September 2016: Mikurajima, JAPAN

Friday September 2nd – Sunday September 4th, 2016

Swimming and snorkeling with dolphins is something I’d never really given much thought to, and certainly not at Mikurajima, an island about 200km, or 120 miles, south of Tokyo and technically part of the capital’s metropolis. I had heard that getting to the island was a hassle (because of weather conditions the boat doesn’t always dock), not to mention stories of rough seas and seasickness. Scuba diving is also not permitted so for me, the island didn’t seem to offer much. But this year I decided to see what it was all about, accompanied by a group of friends who insisted that I wouldn’t be disappointed.

With an imposing presence, volcanic Mikurajima is home to rich forests of lush green, a series of gigantic trees rooted deep into the soil. There are also a couple of shrines, steep hills, a hiking trail and nutritious water that flows down into the sea. Home to around 300 people, life on the island is slow and tranquil. The Kuroshio current flows around it, providing an environment that’s most suitable for marine life. There are no beaches, just huge cliffs falling to the shore, which mainly consists of giant rocks and pebbles.

The minshuku, or inns, on the island, have their own boats and arrange dolphin swims and rental equipment. Sunscreen is a must on the boat due to the lack of shade, and it’s also a good idea to take a seasickness tablet. Depending on conditions at sea, the boat travels slowly along one side of the island towards the pods of dolphins. With around 200 of them surrounding Mikurajima, sightings are almost always guaranteed. Once a pod has been spotted, the rest is simple — masks, snorkels and fins are quickly put on, and everyone jumps into the water, swimming in the general direction pointed out by the captain. Whether you come close to the dolphins, or even better face-to-face, is not certain, but with any luck, they will come close out of curiosity so the calmer you are (it’s important not to chase the dolphins or thrash around) the better the chance of watching them doing their own thing. Their squeals of communication also sound incredible underwater.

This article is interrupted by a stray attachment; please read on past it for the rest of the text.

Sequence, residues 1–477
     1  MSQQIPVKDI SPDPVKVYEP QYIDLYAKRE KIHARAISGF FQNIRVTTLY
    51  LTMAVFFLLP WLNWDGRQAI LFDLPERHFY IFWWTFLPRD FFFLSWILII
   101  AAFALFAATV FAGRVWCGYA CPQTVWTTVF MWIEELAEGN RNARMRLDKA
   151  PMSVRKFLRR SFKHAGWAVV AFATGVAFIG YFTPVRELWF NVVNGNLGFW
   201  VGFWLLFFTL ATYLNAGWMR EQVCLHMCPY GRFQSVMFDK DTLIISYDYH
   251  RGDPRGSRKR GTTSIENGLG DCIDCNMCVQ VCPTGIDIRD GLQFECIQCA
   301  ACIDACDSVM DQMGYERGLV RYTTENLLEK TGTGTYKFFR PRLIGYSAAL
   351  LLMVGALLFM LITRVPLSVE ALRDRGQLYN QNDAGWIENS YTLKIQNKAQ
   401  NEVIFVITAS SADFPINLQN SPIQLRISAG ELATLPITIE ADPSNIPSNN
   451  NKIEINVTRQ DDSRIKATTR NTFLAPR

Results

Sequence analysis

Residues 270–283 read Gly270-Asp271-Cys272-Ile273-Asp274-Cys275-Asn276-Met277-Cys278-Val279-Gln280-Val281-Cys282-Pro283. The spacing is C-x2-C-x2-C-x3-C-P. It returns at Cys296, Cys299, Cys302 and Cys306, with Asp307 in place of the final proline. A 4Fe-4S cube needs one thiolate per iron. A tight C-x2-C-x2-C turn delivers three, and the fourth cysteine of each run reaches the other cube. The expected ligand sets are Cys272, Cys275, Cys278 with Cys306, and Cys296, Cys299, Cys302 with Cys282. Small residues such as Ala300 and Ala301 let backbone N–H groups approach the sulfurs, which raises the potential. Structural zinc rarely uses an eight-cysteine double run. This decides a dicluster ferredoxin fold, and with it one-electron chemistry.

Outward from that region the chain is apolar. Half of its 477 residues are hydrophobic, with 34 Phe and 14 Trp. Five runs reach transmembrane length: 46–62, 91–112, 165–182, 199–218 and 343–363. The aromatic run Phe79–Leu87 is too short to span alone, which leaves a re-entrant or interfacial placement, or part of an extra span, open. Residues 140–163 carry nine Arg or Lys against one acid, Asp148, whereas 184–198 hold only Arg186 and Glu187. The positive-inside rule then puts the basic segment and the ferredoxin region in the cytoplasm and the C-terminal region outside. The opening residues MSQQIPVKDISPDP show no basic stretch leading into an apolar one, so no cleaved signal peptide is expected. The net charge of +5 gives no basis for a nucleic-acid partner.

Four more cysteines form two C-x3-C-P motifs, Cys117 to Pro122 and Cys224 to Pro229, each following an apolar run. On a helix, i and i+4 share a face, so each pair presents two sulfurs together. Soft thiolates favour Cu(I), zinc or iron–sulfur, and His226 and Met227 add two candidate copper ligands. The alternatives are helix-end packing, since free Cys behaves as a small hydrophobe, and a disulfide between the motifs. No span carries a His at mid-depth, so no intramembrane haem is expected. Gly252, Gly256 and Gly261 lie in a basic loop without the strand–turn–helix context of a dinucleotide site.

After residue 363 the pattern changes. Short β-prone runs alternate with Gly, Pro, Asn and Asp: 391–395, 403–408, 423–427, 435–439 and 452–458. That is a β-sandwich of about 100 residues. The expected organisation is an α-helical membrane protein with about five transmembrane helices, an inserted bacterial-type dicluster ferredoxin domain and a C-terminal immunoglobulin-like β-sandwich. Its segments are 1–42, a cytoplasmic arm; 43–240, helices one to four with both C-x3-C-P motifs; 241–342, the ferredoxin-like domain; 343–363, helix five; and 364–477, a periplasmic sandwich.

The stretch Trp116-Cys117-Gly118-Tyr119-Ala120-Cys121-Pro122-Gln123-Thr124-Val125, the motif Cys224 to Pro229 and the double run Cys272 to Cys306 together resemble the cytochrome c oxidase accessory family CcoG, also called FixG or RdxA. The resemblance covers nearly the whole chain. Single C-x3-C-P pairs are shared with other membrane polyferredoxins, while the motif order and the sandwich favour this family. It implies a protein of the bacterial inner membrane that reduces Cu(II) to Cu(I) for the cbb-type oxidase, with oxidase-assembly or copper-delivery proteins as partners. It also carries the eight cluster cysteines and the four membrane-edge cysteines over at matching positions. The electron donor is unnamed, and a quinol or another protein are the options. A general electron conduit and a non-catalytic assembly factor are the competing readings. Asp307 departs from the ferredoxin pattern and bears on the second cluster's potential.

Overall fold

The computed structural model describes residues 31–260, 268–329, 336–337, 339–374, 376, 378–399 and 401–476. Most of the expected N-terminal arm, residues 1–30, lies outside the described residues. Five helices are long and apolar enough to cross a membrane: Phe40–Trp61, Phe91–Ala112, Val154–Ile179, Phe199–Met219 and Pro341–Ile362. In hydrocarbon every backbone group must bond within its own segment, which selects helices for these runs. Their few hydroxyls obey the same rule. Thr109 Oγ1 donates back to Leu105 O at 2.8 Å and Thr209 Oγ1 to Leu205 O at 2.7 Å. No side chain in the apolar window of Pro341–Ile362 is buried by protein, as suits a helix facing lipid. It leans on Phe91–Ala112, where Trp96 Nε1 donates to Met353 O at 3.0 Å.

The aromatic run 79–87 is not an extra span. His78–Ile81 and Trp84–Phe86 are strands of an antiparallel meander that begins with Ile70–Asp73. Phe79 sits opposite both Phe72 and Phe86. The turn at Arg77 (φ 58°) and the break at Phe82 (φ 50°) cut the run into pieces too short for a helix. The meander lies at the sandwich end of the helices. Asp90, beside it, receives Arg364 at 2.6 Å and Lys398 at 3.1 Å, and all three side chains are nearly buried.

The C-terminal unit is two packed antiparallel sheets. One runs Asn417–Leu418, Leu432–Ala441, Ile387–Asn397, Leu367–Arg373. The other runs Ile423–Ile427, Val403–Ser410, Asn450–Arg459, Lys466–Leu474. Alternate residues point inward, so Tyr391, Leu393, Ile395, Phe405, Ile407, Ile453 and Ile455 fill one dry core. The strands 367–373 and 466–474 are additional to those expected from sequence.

To get as much out of the tour as possible, swimmers jump in and out of the boat several times. If you’re not used to swimming this can be tiring, and frustrating if you jump in and find that there aren’t any dolphins after all. Depending on time and customers’ level of experience, some minshuku offer basic snorkeling and swimming lessons beforehand, although it’s probably best to arrange this yourself before you go. Visitors are only allowed three two-hour tours over a weekend, so everyone gets as much time as possible with the dolphins.

Mikurajima was a wonderful weekend get-away. In addition to the dolphins, we enjoyed delicious hearty meals at our minshuku and some excellent gelato at a tiny souvenir shop down the road. My friends were spot on — it didn’t disappoint.

Practical Information

  • We travelled to Mikurajima on the overnight ferry from Tokyo’s Takeshiba pier, and booked areas below deck to sleep in. We slept in the second class cabin, which consisted of small areas on the floor to lie down on. Blankets can be rented for 100yen each, and a small pillow is provided as well as an overhead locker for each person. A return ticket to Mikurajima is a little over 9,000yen. The boat was renovated two years ago, so everything is comfortable, clean and brand new. There is a restaurant (only open at certain times in the morning and from 17:00 to 19:00 in the evening) serving basic food like noodles and curry, vending machines with drinks and Haagen Dazs ice cream, showers and toilets.
  • The boat docks at Mikurajima around 6:00AM and staff from your inn are there to pick you up. Note that you cannot disembark unless you have accommodation booked (no camping is allowed).
  • Our inn (Yado Marui) was around two minutes up a steep hill by car from the port. On arrival, you are shown to a huge communal room with sofas, tea, coffee and a TV to get ready for the first dolphin swim, which begins around 8:00AM. Rooms are usually not available until lunchtime. One important thing is leave a towel and change of clothing in the bath and shower area, for when you come back after the first swim.